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Wall St wavers on rising recession worries; Apple, Tesla slump

By Ankika Biswas and Shashwat Chauhan

(Reuters) -Wall Street's main indexes struggled for direction on growing fears that the Federal Reserve's monetary policy tightening could trigger a recession and hit corporate earnings, while Apple and Tesla (NASDAQ:TSLA) were the biggest drags on the Nasdaq. The benchmark S&P 500 fell for the fifth straight session on Wednesday.

The Nasdaq was down for the fourth straight session, dragged lower by a 1.3% drop in Apple Inc (NASDAQ:AAPL) on Morgan Stanley (NYSE:MS)'s iPhone shipment target cut and a 3.9% fall in Tesla Inc over production loss worries. Markets have also been rattled by downbeat comments from top executives at Goldman Sachs Group Inc (NYSE:GS), JPMorgan Chase & Co (NYSE:JPM) and Bank of America Corp (NYSE:BAC) on Tuesday that a mild to more pronounced recession was likely ahead. Fears that the U.S. central bank might stick to a longer rate-hike cycle have intensified recently in the wake of strong jobs and service-sector reports.

More economic data, including weekly jobless claims, producer price index and the University of Michigan's consumer sentiment survey this week, will be on the watch list for clues on what to expect from the Fed on Dec. 14.

"When they (investors) take a look at what earnings estimates are for the remainder of 2022 and for 2023, they have not considered a recession in 2023," said Paul Nolte, portfolio manager at Kingsview Asset Management in Chicago.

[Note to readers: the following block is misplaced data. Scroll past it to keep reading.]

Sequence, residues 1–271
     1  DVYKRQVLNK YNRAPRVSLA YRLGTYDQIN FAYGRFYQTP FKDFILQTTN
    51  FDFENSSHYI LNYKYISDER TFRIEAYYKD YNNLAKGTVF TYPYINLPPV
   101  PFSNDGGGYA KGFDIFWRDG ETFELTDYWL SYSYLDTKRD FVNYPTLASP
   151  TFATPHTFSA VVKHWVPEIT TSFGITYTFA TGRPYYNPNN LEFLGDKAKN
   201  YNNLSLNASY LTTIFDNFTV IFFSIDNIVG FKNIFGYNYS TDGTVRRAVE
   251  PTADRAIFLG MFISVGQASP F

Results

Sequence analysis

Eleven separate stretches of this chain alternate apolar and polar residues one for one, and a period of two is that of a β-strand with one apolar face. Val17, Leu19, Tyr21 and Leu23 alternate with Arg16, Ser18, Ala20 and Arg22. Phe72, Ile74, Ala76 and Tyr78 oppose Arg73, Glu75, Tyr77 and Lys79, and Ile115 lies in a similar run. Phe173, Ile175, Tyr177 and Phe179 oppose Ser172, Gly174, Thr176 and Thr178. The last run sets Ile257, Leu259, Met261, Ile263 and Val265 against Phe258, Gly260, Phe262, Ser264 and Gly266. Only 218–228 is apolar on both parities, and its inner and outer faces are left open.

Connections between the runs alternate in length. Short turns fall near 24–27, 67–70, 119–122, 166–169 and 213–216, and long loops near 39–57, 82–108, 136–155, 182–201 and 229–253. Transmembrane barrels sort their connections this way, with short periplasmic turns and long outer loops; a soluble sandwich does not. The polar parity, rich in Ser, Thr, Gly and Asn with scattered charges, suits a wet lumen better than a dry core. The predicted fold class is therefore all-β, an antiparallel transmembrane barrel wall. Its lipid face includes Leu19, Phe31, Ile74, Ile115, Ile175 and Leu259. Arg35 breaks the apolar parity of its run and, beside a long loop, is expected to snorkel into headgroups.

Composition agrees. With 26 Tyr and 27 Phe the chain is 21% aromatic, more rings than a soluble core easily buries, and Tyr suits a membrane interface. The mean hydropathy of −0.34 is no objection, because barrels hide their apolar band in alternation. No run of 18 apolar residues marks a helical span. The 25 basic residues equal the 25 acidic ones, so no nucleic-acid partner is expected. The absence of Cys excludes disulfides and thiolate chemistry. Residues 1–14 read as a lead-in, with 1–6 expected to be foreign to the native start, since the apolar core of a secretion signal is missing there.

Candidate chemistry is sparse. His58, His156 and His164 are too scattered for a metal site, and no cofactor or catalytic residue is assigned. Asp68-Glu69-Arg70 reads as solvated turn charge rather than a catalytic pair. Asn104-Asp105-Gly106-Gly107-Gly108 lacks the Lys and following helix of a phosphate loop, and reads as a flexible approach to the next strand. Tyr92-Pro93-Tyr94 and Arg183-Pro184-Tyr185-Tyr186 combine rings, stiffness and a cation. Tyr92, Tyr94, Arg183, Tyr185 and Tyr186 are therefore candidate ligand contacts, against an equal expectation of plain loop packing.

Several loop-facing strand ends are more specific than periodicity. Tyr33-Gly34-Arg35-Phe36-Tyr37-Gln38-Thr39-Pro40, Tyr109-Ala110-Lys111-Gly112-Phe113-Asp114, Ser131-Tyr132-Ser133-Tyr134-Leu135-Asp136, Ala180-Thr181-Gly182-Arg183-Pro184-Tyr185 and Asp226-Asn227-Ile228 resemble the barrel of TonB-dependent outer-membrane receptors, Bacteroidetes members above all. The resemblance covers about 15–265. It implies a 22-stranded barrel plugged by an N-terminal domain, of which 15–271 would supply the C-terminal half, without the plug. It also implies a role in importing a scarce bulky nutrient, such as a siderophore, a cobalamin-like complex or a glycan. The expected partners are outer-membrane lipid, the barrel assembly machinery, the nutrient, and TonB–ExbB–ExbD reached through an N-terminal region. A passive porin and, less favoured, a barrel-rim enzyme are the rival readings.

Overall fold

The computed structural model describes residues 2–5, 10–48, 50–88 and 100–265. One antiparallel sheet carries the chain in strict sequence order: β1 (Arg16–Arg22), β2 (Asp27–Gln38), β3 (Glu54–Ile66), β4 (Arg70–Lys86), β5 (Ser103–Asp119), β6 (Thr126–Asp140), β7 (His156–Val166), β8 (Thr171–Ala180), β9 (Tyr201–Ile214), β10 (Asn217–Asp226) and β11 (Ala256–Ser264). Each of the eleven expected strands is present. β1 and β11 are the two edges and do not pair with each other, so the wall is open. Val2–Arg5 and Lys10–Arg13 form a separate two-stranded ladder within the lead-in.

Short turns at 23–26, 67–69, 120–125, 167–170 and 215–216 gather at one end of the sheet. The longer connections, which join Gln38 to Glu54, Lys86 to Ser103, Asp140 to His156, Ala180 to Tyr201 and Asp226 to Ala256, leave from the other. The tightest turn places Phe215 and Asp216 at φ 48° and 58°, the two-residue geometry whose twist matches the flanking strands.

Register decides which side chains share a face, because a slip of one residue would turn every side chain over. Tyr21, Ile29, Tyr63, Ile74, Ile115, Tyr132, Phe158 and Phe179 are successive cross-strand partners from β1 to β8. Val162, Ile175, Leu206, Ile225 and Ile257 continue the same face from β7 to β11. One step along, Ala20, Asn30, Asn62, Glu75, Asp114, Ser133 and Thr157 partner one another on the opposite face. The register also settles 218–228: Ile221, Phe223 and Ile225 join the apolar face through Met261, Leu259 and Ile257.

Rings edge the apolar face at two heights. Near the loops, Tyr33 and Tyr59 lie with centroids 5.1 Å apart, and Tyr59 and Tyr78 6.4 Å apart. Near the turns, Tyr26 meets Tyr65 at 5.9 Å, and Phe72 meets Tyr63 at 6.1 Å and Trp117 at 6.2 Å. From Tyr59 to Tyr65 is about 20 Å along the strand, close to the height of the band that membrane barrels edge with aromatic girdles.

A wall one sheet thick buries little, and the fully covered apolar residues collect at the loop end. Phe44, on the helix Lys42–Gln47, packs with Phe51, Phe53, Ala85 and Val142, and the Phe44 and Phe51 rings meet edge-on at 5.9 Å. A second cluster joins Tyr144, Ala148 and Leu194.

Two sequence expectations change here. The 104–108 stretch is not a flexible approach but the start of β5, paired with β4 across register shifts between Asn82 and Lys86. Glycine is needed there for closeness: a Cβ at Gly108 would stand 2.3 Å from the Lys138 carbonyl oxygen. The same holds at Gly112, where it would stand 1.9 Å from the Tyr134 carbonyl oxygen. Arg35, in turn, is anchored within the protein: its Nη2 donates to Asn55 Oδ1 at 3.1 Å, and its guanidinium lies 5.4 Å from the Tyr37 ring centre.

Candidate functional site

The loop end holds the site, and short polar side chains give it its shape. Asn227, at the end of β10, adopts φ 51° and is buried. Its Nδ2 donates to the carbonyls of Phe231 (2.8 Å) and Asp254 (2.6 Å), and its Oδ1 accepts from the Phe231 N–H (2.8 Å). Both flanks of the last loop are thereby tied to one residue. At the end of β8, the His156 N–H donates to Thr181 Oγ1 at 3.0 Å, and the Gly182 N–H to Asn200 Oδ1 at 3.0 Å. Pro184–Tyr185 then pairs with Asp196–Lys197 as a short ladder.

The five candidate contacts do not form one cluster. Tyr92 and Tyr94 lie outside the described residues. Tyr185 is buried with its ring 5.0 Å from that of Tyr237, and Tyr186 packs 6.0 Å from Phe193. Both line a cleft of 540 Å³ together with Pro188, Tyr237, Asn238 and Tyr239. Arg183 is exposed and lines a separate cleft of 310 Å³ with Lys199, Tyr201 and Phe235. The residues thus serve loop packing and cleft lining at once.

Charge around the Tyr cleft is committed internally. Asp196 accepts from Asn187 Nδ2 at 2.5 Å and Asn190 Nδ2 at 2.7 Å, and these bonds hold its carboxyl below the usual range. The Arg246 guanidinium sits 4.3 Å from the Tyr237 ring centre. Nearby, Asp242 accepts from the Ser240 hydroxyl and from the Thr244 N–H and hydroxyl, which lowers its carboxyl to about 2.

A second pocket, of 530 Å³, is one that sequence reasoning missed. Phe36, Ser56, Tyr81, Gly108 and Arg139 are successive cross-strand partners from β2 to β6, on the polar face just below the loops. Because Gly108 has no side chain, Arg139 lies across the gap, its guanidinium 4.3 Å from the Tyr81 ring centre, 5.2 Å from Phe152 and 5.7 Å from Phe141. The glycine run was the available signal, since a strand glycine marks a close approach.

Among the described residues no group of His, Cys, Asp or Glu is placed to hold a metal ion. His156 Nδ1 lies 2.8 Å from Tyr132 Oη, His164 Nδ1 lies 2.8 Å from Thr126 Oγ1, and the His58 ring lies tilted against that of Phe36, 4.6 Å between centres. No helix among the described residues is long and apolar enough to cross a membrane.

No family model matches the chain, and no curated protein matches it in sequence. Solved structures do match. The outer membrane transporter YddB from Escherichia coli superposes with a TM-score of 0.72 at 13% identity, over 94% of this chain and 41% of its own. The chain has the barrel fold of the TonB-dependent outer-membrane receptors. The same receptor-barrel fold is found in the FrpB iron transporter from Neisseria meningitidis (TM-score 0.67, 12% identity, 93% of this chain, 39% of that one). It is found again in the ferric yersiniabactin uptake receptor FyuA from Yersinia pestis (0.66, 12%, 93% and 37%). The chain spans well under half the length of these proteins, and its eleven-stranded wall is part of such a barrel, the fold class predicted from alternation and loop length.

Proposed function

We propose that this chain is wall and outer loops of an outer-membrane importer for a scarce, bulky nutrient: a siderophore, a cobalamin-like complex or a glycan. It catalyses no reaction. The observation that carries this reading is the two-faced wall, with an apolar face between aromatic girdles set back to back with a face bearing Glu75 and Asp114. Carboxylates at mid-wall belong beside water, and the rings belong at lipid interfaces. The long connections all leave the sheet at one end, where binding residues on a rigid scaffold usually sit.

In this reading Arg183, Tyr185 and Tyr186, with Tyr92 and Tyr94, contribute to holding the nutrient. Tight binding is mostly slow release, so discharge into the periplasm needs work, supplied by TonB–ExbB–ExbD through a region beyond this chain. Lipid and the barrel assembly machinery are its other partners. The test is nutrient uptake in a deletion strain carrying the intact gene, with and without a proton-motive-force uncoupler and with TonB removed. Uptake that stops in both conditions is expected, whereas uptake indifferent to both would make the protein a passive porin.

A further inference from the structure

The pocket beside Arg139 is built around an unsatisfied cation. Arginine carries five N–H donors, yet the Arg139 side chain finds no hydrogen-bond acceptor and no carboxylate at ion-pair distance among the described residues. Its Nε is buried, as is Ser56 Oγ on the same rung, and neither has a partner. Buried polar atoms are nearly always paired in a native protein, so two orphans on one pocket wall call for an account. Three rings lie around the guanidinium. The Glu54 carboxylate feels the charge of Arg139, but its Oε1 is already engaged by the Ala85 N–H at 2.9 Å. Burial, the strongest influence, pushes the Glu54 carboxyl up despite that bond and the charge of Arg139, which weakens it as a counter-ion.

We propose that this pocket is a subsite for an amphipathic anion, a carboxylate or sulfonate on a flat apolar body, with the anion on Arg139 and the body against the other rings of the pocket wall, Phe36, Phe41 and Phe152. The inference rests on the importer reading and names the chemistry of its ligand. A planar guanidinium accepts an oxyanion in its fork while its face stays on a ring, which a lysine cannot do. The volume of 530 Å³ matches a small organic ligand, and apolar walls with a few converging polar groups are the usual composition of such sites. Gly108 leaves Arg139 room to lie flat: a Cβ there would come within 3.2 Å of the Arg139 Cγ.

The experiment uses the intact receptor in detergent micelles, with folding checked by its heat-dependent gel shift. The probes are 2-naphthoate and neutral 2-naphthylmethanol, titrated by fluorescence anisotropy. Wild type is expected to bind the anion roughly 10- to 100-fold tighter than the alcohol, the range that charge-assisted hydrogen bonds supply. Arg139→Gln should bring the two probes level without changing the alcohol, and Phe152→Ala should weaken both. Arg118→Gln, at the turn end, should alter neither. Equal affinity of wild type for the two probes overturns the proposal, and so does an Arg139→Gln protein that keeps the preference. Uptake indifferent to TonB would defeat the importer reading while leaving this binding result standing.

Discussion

"There's some adjustment to what earnings estimates will be over the next 12 months and I think that's what's providing a little bit of pressure to the markets."

The CBOE volatility index, also known as Wall Street's fear gauge, rose to a two-week high to 23.01 points.

Money market participants see a 91% chance that the Fed will increase its key benchmark rate by 50 basis points in December to 4.25%-4.50%, with rates peaking in May 2023 at 4.93%.

At 12:08 p.m. ET, the Dow Jones Industrial Average was down 22.89 points, or 0.07%, at 33,573.45, the S&P 500 was down 10.53 points, or 0.27%, at 3,930.73, and the Nasdaq Composite was down 69.69 points, or 0.63%, at 10,945.20.

Concerns about a steep rise in borrowing costs have boosted the dollar, but dented demand for risk assets such as equities this year. The S&P 500 is on track to snap a three-year winning streak, down 17.4% so far in 2022.

Three out of 11 major S&P sector indexes were higher, with healthcare shares leading the pack, while technology and communication services stocks were the worst performers. Carvana Co (NYSE:CVNA) was down 30.6% after Wedbush downgraded the used-car retailer's stock to "underperform" from "neutral" and slashed its price target to $1. Advancing issues outnumbered decliners for a 1.16-to-1 ratio on the NYSE. Declining issues outnumbered advancers for a 1.17-to-1 ratio on the Nasdaq.

The S&P index recorded six new 52-week highs and seven new lows, while the Nasdaq recorded 36 new highs and 226 new lows.


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